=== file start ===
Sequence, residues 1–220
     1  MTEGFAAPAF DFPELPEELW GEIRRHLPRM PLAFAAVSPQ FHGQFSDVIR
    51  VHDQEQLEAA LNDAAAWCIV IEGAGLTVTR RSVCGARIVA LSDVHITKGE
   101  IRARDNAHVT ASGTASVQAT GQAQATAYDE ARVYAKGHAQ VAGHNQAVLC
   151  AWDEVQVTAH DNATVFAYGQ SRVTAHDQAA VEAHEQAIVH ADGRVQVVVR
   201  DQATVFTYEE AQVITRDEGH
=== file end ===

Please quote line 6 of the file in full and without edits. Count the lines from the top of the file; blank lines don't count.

   201  DQATVFTYEE AQVITRDEGH